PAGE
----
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Book DetailsISBN: 9781786893758
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Book Review: Things in Jars by Jess Kidd - Reviewed by CloggieA (16 Jul 2019)
5 stars Things In Jars is the third novel by London-born author, Jess Kidd. Irish widow(?) and investigator, Bridie Devine doesn’t believe in ghosts, but deceased champion boxer and tattooed seafarer Ruby Doyle is hanging around, insisting she knows him and generally distracting her from a case she needs to solve. Six-year-old Christabel Berwick, the secret child of Sir Edmund Berwick, was taken from her Windsor home in the dead of night. He wants her found, discreetly, without fuss. No Police!
Neither Sir Edmund’s personal physician and friend, Dr William Harbin, who is initially sent to engage Bridie, nor Sir Edmund himself is entirely forthcoming with information about the missing girl, save that she has “singular traits”. These are scantily described, and Sir Edmund becomes obstructive when Bridie needs to examine the scene, but she is nothing if not resourceful. What she does find immediately takes her back to her own childhood years apprenticed to a surgeon and collector of anatomical curiosities: things in jars.
The reader is immediately aware that the child’s newly employed nurse, Mrs Bibby has orchestrated the kidnap, with the assistance of Dr Harbin, intending to sell the child for profit (to whom?), but their plans have come partially unstuck due to their own greed.
Kidd sets her story in late 1863 London, with flashbacks to 1843, and populates it with a cast of quirky characters, giving many a marvellous description, if not a potted history: “Dr Harbin puts a hand up to stroke his whiskers, one side and then the next, gently, reassuringly, as if they are fretful pets about to jump off his face.” Plenty of the characters are nasty types, but there are also many with pure intentions. Obsessive anatomists and the mythical merrow play important parts; disguises and aliases also feature.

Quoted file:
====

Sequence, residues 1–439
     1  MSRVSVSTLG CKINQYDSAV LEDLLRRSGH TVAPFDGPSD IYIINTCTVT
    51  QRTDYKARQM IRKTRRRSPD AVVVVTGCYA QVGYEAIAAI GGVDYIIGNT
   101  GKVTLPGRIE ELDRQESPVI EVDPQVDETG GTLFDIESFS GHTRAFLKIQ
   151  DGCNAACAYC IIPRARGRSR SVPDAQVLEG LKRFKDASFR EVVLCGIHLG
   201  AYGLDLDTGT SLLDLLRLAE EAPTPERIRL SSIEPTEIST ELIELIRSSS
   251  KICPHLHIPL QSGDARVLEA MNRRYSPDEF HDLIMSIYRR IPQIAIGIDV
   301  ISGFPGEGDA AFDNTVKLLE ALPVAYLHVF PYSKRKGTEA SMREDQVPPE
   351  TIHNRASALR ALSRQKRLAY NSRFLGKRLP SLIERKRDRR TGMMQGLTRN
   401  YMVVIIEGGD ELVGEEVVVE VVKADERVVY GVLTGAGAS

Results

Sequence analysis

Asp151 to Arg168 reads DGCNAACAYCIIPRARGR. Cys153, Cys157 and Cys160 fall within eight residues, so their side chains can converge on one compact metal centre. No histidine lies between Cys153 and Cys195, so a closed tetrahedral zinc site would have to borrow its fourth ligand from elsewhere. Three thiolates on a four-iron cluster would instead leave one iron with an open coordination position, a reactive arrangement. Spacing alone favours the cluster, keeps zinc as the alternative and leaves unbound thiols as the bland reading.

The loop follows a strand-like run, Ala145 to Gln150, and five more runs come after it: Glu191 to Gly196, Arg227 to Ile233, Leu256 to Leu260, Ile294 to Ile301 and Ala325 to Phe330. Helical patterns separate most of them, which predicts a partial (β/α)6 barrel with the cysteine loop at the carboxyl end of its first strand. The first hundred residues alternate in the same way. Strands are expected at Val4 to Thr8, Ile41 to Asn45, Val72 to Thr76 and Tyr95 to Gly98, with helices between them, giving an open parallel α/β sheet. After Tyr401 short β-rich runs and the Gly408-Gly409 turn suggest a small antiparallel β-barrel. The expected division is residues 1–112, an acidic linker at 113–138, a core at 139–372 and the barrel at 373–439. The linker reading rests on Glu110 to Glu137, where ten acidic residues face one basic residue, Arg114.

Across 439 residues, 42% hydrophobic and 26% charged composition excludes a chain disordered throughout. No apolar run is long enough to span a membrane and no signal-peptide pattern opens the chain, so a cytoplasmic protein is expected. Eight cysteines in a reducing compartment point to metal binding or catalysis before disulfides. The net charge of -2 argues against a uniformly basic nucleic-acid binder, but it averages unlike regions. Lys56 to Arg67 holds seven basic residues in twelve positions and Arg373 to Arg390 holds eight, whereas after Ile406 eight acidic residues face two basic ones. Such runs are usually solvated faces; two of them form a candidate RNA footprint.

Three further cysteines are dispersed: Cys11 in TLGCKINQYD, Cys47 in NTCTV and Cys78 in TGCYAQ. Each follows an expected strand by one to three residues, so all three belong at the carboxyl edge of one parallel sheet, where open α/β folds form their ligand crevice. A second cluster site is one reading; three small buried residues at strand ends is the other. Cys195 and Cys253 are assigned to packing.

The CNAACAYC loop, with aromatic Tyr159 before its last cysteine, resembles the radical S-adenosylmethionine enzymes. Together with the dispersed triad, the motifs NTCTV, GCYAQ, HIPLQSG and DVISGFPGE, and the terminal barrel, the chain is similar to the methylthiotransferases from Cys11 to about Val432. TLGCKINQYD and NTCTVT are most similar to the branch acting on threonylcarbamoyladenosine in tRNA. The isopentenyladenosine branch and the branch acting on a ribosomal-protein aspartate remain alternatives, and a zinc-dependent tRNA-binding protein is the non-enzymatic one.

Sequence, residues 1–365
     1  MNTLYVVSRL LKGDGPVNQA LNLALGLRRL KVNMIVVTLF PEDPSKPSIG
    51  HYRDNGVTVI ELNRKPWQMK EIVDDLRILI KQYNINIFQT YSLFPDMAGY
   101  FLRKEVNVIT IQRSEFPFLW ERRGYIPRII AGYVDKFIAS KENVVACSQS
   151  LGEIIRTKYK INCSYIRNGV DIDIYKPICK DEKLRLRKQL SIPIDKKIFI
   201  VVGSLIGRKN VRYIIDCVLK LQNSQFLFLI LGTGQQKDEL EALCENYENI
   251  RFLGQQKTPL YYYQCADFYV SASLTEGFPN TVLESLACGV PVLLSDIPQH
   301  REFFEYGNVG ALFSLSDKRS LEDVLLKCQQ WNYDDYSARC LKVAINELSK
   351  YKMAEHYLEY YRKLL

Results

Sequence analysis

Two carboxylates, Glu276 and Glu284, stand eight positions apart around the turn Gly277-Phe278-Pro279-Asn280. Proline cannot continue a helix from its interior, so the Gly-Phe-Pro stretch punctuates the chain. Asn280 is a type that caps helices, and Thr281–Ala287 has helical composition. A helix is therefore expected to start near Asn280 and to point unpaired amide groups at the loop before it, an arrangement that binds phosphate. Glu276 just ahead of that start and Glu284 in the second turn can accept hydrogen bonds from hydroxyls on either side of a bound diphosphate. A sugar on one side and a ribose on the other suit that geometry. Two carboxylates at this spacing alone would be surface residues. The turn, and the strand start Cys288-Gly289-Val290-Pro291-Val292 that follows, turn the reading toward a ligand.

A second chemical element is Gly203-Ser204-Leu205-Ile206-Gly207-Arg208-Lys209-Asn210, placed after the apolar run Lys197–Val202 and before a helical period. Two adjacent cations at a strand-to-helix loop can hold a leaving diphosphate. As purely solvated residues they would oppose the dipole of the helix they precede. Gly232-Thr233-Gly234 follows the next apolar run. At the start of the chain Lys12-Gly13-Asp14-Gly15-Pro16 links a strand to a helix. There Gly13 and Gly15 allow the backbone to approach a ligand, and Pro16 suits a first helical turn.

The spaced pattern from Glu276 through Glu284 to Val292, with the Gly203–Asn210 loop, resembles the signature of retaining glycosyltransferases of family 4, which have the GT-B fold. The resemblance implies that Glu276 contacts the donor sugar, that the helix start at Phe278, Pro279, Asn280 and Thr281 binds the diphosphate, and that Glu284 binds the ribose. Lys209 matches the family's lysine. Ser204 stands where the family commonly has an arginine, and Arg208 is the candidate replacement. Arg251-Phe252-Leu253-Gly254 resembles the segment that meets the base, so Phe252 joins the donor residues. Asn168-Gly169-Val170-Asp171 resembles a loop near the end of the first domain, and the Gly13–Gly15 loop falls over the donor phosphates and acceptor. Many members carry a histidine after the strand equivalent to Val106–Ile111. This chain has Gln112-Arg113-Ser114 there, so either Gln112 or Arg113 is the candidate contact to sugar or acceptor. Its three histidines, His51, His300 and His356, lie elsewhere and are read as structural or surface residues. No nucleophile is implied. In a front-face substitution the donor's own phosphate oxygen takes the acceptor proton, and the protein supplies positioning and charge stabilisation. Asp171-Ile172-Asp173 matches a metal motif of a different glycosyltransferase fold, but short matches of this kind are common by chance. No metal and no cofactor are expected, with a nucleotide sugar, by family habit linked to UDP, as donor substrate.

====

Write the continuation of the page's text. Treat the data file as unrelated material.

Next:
The plot is original and having the inquisitive ghost of Ruby Doyle shadowing Bridie is a clever device that allows her to subtly impart necessary information, while Mrs Bibby covers some background with the stories she tells Christabel.
Kid’s strength is her descriptive prose: “Follow the fulsome fumes from the tanners and the reek from the brewery, butterscotch rotten, drifting across Seven Dials. Keep on past the mothballs at the cheap tailor’s and turn left at the singed silk of the maddened hatter. Just beyond you’ll detect the unwashed crotch of the overworked prostitute and the Christian sweat of the charwoman. On every inhale a shifting scale of onions and scalded milk, chrysanthemums and spiced apple, broiled meat and wet straw, and the sudden stench of the Thames as the wind changes direction and blows up the knotted backstreets. Above all, you may notice the rich and sickening chorus of shit.”
Kidd’s third novel is a brilliant read: atmospheric, often blackly funny, sometimes sad, with an exciting climax. It will be interesting to see what this talented author does next.
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